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When police raided the luxury Baur au Lac hotel, overlooking Lake Zurich early on Wednesday, it was not the curtain-raiser that Fifa’s Sepp Blatter had in mind for his likely re-election as president of football’s world governing body in two days’ time.
Many view Friday’s election as more of a ceremonial coronation than a democratic ballot, but the dramatic arrest of Fifa officials in their hotel rooms will cast a dark cloud over proceedings.
Suspicion has hung about Fifa for years, and although Mr Blatter is not thought to be implicated in Wednesday’s arrests, one has to wonder – why is he so determined to carry on in the top job?
When the 79-year-old walks out into Zurich’s vast Hallenstadion on Friday for Fifa’s presidential election, he is unlikely to fear any opposition. There are just 209 electors, many of them representing small footballing nations, and Mr Blatter has been cultivating them for years.
After the withdrawal of Luis Figo and Michael van Praag, there is only one man standing against Mr Blatter, Jordan’s Prince Ali Bin al-Hussein, and Mr Hussein will almost certainly not command enough votes to pose any kind of threat.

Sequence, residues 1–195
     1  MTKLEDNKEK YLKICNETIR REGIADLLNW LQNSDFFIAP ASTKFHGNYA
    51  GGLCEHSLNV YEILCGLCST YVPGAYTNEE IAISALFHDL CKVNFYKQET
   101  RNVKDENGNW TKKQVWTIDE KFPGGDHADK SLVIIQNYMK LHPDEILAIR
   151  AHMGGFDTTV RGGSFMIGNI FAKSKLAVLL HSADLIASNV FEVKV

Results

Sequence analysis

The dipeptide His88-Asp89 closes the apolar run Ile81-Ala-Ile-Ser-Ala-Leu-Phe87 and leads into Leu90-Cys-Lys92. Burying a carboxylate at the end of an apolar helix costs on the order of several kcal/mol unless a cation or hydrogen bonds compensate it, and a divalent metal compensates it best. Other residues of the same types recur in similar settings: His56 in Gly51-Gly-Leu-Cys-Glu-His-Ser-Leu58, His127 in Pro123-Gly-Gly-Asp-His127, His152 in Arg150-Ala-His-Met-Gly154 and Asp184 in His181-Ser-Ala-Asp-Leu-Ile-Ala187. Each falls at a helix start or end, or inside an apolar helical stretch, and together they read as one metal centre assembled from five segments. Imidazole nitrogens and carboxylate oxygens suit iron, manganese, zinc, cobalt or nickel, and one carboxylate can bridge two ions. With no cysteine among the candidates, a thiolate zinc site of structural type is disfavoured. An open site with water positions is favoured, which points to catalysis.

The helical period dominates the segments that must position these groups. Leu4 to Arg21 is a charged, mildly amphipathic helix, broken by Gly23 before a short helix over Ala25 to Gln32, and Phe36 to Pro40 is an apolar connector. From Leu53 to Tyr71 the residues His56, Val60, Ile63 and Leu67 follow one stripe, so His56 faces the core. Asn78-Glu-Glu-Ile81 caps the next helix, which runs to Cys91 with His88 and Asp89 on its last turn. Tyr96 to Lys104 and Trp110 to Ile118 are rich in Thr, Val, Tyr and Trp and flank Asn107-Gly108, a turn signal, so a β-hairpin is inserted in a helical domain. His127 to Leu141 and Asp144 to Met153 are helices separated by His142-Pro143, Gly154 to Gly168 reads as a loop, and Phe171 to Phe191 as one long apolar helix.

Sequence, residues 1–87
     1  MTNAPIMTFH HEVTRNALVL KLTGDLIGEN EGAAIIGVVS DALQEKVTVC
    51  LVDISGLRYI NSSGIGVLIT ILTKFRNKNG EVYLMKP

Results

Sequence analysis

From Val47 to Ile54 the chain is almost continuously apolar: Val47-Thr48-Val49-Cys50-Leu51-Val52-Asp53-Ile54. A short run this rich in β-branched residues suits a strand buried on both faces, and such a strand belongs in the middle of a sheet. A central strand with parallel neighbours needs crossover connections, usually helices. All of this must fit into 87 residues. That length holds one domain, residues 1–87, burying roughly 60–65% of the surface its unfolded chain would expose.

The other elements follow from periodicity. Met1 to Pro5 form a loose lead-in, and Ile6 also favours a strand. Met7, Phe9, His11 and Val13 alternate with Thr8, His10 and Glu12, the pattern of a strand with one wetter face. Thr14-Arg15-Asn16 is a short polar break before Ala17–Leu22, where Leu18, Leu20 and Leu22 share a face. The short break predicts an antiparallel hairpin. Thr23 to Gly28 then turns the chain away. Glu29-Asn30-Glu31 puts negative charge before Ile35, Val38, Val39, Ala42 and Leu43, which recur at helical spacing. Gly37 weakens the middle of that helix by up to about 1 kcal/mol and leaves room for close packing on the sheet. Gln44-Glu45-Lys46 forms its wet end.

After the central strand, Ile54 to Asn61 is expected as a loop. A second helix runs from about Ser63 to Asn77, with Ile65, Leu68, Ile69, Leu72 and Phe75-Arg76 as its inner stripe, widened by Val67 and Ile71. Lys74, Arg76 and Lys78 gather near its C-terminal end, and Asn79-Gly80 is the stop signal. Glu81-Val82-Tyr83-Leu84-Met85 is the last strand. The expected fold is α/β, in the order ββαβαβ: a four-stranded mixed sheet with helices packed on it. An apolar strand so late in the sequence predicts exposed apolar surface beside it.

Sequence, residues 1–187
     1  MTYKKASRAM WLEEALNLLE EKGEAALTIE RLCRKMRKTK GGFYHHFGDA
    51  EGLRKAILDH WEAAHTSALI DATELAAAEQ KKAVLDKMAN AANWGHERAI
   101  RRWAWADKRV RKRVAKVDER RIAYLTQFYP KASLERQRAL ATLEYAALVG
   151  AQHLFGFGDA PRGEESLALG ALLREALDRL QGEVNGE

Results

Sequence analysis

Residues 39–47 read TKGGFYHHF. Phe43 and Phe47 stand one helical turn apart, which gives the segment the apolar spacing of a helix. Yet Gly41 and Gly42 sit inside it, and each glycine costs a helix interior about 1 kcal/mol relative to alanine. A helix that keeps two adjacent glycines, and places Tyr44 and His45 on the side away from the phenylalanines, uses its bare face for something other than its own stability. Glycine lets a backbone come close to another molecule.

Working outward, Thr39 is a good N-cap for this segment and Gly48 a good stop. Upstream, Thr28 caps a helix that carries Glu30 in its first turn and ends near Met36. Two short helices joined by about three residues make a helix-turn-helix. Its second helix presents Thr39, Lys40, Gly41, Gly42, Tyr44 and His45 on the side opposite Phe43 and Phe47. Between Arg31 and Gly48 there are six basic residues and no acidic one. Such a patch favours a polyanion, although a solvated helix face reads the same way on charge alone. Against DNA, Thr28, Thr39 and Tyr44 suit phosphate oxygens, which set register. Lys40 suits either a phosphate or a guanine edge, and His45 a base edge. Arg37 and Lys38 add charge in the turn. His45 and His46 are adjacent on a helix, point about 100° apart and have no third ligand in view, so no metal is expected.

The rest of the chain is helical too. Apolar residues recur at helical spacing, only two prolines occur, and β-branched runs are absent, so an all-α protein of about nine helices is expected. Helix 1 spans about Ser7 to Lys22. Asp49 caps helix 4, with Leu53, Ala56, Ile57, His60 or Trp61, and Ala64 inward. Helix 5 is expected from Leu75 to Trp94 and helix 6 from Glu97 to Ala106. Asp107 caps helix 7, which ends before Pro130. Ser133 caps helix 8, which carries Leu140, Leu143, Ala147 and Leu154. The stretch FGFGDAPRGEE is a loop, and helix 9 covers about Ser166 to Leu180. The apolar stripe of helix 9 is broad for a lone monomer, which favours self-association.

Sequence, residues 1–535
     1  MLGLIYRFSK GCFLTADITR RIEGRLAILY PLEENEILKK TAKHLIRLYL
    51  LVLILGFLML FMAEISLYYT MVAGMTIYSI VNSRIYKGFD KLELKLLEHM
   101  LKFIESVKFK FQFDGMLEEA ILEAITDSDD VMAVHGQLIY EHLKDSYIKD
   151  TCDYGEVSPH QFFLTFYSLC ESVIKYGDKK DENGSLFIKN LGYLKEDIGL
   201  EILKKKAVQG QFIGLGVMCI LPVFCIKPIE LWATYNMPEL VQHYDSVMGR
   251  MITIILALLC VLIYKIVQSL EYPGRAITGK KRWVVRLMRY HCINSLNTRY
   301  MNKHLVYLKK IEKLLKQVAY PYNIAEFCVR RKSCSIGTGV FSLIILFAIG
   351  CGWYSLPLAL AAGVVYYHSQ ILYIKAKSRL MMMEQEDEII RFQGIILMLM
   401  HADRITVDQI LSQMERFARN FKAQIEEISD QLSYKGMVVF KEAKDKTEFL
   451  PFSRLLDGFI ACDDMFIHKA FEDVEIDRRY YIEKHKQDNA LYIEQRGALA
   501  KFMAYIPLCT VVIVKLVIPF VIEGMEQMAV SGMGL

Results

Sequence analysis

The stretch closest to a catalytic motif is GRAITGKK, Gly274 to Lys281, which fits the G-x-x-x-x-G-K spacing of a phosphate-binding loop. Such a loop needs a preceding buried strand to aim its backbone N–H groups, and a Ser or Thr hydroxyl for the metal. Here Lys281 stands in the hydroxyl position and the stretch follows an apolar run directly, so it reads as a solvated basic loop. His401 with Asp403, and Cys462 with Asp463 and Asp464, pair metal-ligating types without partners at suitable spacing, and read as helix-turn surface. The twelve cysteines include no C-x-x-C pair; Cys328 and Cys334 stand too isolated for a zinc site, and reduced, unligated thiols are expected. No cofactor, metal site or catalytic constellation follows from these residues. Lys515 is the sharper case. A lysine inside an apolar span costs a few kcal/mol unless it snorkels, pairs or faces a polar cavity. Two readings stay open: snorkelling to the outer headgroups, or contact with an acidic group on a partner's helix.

So barring any unexpected upsets, Mr Blatter will assume an unprecedented fifth four-year term, and in doing so remain in charge of a multibillion-dollar sport.
What drives a man, soon to be 80, and who once promised not to stand for re-election, to so clearly crave another four years in such a high profile, and highly scrutinised, position?
“He clearly considers himself to be the only person capable of running Fifa,” says Roland Buechel, a Swiss member of parliament and campaigner for more transparency at the top of football.
“I assume he wants to die in office”.
Playground king
Mr Blatter was born to a modest family in the alpine town of Visp. Legend has it he was the king of the playground at the local primary school in the 1940s, and the only boy there who possessed a professional-quality football.
After school Mr Blatter followed a not unusual career pattern for a Swiss man in the 1960s and 70s. He did his obligatory service in Switzerland’s militia army, rising to the rank of colonel. While there he made contacts which would serve him later in life.
Mr Blatter worked in the watch industry, and increasingly in sports management, serving at the Swiss Ice Hockey Federation before moving to Fifa as its technical director in 1975.